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Relations between Entities

fennecs allows component attachment to entities reference an additional Entity, the relation target. This relation becomes part of the Key that is used to group Entities into an Archetype.

The relation is said to be backed by a Component type, and any data can be stored in it. The relation is a secondary key on top top of the normal matching logic that fennecs performs.


Relations are unidirectional, so the Target doesn't "know" it is being related to.

But despawning the Target of one or more Relations will remove these Relation Components from any Entities that reference it. See the ending of the Kill Bill appetizer for a demonstration.

Relations can be backed by any type (reference or value types). The backing data is only shared if the component is a shared component itself.

The target of a relation must be Alive.

Creating & Removing Relations

Any Component can be backing a Relation.

record struct Owes(decimal Amount);

Entity bob, alice, eve;

We can use them as follows:

bob.Add<Owes>(new(10M), alice); // he owes alice $10 (Relation Owes->alice)
bob.Add<Owes>(new(23M), eve); // and owes eve $23 (Relation Owes->eve)
bob.Remove<Owes>(alice); // bob no longer owes alice
if (!bob.Has<Owes>(eve)) { // the relation must be present to access it,
    bob.Add<Owes>(eve);    // exactly like any other component

bob.Ref<Owes>(eve).Amount += 7M;

Querying Relations

Relations can be queried like any other component. The Query method can be used to find all entities that have a relation to a specific target.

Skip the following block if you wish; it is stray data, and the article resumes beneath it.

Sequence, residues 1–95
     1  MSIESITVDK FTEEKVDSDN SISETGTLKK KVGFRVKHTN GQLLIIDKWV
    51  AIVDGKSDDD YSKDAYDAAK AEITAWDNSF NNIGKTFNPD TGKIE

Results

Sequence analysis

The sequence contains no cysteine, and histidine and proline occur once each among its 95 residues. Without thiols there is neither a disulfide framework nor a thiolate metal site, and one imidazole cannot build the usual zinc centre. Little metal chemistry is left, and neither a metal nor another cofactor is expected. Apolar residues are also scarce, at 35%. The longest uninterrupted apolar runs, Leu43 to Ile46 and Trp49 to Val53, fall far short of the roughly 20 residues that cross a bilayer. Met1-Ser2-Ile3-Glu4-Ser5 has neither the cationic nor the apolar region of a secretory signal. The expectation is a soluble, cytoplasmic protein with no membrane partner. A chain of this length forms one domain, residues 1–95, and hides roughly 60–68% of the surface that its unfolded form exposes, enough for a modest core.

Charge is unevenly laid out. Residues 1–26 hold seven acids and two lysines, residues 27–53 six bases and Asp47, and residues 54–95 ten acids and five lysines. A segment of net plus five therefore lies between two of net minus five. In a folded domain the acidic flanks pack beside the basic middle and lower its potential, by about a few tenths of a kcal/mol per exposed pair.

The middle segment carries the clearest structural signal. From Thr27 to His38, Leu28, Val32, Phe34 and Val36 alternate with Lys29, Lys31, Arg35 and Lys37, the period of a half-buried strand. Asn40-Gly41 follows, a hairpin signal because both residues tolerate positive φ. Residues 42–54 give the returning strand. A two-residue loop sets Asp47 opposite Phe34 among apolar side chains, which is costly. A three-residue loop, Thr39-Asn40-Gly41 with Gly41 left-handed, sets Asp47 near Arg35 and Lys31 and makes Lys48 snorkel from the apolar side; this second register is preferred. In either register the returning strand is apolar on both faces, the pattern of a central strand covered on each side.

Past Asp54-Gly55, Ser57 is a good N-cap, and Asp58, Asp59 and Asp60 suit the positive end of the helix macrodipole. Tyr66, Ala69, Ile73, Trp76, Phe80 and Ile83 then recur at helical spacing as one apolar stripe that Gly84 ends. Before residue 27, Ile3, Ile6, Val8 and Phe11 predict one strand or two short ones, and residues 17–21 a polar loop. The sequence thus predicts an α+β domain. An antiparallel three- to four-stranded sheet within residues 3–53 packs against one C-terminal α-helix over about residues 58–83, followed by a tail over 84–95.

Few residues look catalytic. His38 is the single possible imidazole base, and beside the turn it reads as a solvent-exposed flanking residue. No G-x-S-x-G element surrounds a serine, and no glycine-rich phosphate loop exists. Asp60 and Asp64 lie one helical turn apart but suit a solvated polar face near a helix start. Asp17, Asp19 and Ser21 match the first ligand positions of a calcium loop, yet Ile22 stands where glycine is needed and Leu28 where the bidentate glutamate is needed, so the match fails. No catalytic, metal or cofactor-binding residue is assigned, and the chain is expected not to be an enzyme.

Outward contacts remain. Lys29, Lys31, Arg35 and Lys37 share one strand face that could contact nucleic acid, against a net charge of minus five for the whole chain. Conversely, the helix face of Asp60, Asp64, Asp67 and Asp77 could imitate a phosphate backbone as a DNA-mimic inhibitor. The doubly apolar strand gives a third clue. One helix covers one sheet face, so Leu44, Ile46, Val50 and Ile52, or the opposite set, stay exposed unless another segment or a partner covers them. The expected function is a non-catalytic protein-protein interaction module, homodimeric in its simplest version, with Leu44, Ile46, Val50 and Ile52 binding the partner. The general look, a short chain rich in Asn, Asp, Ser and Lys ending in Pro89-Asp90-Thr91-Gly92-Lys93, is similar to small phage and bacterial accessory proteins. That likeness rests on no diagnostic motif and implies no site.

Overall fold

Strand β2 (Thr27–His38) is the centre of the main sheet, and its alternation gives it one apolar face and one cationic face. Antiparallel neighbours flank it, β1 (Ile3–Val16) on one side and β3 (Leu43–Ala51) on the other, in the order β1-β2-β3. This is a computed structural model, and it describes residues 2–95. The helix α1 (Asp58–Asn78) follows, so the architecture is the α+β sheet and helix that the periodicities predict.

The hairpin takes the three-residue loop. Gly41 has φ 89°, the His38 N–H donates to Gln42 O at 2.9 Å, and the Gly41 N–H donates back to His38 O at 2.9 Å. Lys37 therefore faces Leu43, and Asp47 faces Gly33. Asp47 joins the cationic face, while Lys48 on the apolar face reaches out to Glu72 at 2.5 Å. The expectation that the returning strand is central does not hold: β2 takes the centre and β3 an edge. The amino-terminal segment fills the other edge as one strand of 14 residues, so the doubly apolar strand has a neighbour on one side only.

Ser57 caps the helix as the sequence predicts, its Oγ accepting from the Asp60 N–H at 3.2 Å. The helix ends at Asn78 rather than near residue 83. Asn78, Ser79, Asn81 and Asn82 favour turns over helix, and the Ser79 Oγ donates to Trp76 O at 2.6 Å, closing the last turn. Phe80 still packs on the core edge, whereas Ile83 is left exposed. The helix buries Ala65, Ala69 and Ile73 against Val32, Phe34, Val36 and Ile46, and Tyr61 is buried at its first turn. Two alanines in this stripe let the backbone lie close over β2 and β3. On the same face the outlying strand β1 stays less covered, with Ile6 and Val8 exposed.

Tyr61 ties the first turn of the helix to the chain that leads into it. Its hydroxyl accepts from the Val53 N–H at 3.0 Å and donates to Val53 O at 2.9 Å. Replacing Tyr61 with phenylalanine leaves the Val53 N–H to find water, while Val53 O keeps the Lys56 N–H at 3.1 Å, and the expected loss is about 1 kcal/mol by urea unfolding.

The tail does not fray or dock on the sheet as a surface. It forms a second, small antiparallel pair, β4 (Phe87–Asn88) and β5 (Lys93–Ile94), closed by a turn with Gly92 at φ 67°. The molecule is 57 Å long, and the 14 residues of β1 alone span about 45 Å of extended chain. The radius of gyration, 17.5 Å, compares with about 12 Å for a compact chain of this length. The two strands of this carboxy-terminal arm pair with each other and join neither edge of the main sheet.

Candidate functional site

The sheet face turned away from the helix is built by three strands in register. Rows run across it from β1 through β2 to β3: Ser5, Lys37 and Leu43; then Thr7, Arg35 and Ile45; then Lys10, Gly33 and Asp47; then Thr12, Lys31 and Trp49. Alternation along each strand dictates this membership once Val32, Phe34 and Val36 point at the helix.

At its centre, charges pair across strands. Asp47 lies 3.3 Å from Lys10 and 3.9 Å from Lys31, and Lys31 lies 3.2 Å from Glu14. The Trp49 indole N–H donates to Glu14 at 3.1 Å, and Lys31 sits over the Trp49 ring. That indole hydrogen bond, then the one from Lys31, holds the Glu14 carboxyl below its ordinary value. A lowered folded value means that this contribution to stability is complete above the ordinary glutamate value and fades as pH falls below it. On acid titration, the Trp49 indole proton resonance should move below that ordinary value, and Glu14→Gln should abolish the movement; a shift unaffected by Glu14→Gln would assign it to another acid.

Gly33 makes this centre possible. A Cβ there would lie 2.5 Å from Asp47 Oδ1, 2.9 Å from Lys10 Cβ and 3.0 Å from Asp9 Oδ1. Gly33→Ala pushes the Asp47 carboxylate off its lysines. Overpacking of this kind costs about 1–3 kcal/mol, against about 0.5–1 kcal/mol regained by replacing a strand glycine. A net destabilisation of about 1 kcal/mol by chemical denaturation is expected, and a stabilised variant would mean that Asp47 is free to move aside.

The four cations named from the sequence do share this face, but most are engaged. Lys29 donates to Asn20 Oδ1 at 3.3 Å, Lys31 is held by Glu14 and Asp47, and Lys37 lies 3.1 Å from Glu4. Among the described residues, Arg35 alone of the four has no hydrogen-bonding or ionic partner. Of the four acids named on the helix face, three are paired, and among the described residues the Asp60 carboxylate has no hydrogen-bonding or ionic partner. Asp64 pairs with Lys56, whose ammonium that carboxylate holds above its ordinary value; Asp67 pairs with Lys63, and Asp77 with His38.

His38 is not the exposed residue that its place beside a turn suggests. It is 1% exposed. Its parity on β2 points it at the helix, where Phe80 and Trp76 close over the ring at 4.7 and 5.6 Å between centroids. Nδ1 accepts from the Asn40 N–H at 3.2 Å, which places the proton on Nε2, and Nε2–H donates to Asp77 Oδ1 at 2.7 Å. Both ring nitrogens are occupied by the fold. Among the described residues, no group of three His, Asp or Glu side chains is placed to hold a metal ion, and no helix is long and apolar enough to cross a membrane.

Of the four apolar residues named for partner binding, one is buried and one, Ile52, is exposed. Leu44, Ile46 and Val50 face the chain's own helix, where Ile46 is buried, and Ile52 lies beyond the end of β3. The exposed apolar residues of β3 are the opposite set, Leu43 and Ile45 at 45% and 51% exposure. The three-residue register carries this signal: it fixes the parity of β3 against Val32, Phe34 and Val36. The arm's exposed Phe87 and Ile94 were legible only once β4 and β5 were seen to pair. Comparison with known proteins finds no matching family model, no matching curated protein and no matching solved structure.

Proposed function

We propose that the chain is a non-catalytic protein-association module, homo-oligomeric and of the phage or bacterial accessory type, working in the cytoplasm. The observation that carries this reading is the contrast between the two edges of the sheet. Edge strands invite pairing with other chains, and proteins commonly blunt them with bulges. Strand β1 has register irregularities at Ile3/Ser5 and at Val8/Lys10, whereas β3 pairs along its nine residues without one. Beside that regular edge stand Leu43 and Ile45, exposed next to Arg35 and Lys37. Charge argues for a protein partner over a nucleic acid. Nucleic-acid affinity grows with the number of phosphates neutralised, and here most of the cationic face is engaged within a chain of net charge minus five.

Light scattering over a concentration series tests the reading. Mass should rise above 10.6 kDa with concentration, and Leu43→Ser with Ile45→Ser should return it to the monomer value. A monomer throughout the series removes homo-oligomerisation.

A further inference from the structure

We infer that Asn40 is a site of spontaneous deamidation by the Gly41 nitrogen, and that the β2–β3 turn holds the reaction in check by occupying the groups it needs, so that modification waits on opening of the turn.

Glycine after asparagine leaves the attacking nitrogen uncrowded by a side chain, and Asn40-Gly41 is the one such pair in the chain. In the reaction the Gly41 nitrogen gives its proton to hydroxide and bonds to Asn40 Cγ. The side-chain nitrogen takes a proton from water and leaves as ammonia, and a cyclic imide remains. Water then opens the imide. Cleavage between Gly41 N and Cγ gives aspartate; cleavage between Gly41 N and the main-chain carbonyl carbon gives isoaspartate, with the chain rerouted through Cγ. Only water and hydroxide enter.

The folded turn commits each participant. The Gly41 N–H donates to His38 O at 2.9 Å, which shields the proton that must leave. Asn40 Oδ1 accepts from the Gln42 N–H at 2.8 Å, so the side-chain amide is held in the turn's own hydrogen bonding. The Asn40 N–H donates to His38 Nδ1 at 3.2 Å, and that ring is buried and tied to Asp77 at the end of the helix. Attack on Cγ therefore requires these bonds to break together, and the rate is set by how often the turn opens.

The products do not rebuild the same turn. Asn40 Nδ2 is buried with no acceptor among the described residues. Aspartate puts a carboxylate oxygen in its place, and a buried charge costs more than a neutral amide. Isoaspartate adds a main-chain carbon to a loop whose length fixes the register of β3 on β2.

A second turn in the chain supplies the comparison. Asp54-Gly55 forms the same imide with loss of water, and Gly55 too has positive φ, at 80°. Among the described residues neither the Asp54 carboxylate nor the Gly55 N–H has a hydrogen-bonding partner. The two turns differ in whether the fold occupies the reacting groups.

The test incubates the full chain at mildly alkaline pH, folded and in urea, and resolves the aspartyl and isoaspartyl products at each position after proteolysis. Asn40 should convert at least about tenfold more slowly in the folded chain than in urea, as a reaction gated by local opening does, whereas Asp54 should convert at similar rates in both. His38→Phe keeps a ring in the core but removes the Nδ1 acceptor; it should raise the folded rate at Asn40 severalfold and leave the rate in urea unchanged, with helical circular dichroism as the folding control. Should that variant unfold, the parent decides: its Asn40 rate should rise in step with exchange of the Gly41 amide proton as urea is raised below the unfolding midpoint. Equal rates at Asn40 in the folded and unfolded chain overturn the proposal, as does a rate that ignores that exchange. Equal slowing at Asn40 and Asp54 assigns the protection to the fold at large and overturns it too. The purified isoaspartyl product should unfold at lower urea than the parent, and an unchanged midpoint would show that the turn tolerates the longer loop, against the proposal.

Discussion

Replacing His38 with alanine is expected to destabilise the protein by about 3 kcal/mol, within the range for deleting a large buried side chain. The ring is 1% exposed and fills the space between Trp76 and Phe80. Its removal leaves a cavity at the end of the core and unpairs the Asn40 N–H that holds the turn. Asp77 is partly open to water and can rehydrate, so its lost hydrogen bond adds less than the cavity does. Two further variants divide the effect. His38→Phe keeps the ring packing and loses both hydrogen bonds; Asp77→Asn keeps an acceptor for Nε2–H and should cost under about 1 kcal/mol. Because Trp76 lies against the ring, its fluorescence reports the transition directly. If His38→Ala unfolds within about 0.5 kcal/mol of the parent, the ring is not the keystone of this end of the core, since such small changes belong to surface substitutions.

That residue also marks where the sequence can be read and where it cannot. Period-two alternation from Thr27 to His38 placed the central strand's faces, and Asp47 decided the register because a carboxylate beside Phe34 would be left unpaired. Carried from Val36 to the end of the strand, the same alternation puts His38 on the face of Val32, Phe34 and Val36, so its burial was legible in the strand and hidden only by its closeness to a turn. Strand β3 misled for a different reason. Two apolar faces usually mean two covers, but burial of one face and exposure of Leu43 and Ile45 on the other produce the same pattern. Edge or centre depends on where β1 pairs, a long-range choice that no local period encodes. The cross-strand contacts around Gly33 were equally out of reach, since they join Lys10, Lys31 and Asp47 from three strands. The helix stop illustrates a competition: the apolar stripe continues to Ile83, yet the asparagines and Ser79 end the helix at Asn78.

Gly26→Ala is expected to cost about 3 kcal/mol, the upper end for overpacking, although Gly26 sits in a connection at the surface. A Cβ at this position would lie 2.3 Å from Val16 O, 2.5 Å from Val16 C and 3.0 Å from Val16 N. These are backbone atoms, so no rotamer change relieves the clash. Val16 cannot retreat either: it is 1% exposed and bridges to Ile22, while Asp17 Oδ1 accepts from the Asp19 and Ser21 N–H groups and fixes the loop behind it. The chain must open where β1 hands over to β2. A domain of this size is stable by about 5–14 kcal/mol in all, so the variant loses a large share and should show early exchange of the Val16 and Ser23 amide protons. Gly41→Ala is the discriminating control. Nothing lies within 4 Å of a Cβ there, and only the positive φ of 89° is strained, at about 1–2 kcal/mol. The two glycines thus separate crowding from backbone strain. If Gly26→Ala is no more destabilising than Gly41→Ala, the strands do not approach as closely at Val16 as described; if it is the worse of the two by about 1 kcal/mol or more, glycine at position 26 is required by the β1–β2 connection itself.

We can also query for all entities that have a relation to any target. Here's a variety of ways, ordered from most common to least common / performant. They all have their uses and semantics.

// Specific target, fixed query 
var entitiesOwingEve = world.Query<Owes>(eve).Compile();

// Wildcard target, fixed query
var entitiesOwingAnyone = world.Query<Owes>(Entity.Any).Compile();

// Wildcard target, specific exclusion, fixed query
var entitiesOwingAnyoneExceptEve = world

// All Entities, specific exclusion, fixed query
var entitiesExceptAnyOwingEve = world

// Any target, wildcard exclusion, fixed query
var entitiesThatAreDebtFree = world

// Wildcard target, specific exclusion, stream filter
var entitiesOwingAnyoneExceptEve = world
    .Stream() with // do this on-the-fly where needed
        Exclude = [Component.SpecificEntity<Owes>(eve)]  

Neofox: googly_reverseNeofox: think_googly DUDE, where's my ENTITY?

To query for Relations, you must either specify a concrete target Entity or use a wildcard:

  • Entity.Any (Relations)
  • Match.Target (Links and Relations)
  • Match.Any (anything, including relation-less plain components)

The following won't match:

var entities = world.Query<Owes>().Compile();

var entities = world.Query<Owes>(Match.Plain).Compile();

var entities = world.Query<Owes>(Match.Object).Compile();

Multi-Enumeration (Cross Join)

When a wildcard, like Entity.Any, is used as the Match expression, iterating a Stream view of the Query that outputs the component yield multiple instances of the same entity if it has multiple relations.

This is used to great effect in the 3-Body Problem staple.

var world = new World();
var debtors = world.Query<Owes>(Entity.Any).Stream();

var tom = world.Spawn();
var eve = world.Spawn();
var bob = world.Spawn(); //E-000000003:0001

bob.Add<Owes>(new(10M), eve);
bob.Add<Owes>(new(23M), tom);

// We use IEnumerable here, but it's the same for Stream.For/Job/Raw
foreach (var (Entity entity, Owes owes) in debtors) 
    Console.writeLine($"{entity} owes {owes.Amount} to someone!");
E-000000003:0001 owes 10 to someone!
E-000000003:0001 owes 23 to someone!

Neofox: what Wait, I owe money to "someone" ?!?

If it's important to know the target of a relation as it is being enumerated (bi-directional relation), you can add an Entity field in the backing component and store it there. This is a loosely coupled backlink (you can do with it what you want).

If it's only the Entity and Relation you care about, you can just make some records, but note that the backing data is still uncoupled here and adding can look awkward).

record struct Child(Entity ValueAndTarget);
record struct Parent(Entity ValueAndTarget);
record struct Uncle(Entity ValueAndTarget);

var me = world.Spawn();
var monkey = world.Spawn().Add<Uncle>(new(me), me); //this is how memes are born

fennecs is released under the MIT License. Neofox is released under the CC BY-NC-SA 4.0 License.